Microsoft's Windows Phone Head Swap Could Mean Big Changes

Microsoft CEO Steve Ballmer has shifted Andy Lees, president of Windows Phone, to a new role in the company. Big changes could be afoot.

Microsoft CEO Steve Ballmer has replaced Andy Lees, president of the company's Windows Phone division, with Vice President Terry Myerson. However, the latter will not inherit the actual "president" title.

At the same time, Ballmer shifted Lees to another role within Microsoft: expanding on the interoperability between Microsoft's various platforms, including Windows Phone and Windows 8.

"I have asked Andy Lees to move to a new role working for me on a time-critical opportunity focused on driving maximum impact in 2012 with Windows Phone and Windows 8," Ballmer wrote in an internal memo reprinted in part by AllThingsD Dec. 12. "We have tremendous potential with Windows Phone and Windows 8, and this move sets us up to really deliver against that potential."

Following the news, online forums filled with speculation over whether Lees' shift represented a promotion or demotion. In the "promotion" category, Microsoft certainly is faced with a significant challenge and opportunity in ensuring its various products cooperate in a massive ecosystem-exactly the sort of thing that needs a strong leader capable of seeing the big picture. It also opens up the possibility that Microsoft will bind Windows 8, its upcoming operating system due in 2012, in some close and fundamental way with Windows Phone, which currently exists wholly as a standalone platform.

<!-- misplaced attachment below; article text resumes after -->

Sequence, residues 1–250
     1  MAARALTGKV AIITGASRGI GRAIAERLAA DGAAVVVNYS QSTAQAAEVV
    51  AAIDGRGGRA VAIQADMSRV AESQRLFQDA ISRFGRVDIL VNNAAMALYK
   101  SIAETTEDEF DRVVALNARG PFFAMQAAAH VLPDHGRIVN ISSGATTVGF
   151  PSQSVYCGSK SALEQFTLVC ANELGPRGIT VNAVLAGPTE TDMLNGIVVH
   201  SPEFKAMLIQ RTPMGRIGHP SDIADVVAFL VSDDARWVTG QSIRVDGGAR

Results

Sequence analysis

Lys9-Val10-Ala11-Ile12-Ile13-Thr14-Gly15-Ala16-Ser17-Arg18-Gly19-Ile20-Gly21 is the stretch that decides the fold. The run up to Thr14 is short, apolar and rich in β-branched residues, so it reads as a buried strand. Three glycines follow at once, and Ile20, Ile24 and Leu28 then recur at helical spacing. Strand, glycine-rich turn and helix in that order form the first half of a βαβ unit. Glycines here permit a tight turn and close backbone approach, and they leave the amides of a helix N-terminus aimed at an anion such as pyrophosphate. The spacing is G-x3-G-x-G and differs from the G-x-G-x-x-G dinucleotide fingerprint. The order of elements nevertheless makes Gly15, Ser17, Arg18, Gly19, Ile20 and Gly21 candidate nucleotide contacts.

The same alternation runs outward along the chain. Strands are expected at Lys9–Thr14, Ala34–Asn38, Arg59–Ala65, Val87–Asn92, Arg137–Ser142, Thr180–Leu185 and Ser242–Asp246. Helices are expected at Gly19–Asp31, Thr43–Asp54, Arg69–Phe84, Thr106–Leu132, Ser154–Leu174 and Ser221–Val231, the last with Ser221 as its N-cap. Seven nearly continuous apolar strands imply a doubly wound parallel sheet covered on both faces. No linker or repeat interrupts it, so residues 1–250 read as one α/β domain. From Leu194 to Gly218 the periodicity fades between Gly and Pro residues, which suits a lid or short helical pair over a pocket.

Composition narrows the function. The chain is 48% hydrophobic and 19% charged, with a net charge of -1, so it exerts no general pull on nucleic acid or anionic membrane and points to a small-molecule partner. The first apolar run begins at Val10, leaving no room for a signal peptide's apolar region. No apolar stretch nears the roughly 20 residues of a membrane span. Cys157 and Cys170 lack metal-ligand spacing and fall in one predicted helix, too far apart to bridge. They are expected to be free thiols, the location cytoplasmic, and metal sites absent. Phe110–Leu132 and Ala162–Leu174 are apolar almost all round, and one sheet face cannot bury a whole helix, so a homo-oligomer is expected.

Those who see Lees' shift as a demotion, however, point to Microsoft's declining market share in smartphones (as indicated by third-party analysts). Although Windows Phone has earned critical praise from some quarters for its unique user interface, it has not performed up to Microsoft's sales expectations. "We haven't sold quite as many probably as I would have hoped we would have sold in the first year," Ballmer told an audience during Microsoft's financial analyst meeting earlier in 2011.

Microsoft has declined to officially break out sales numbers for Windows Phone. But according to research firm comScore, the company's Windows Mobile/Windows Phone share dipped to 5.4 percent of the overall market in October, down from 5.6 percent in September and 5.8 percent in August.

Myerson's new role will involve Windows Phone's development and marketing, an expansion from his previous focus on the mobile platform's engineering. Microsoft has paired with a wide cross section of manufacturers, including Nokia, to build and promote a new generation of Windows Phones loaded with the company's broad-based Mango update.

The Windows Phone team faces some considerable rivals in its bid for broader adoption. Both Google Android and Apple's iOS are battling for the lion's share of the smartphone market, as well as the loyalty of third-party developers, and Research In Motion-despite its declining market share-remains a potent force among business users.

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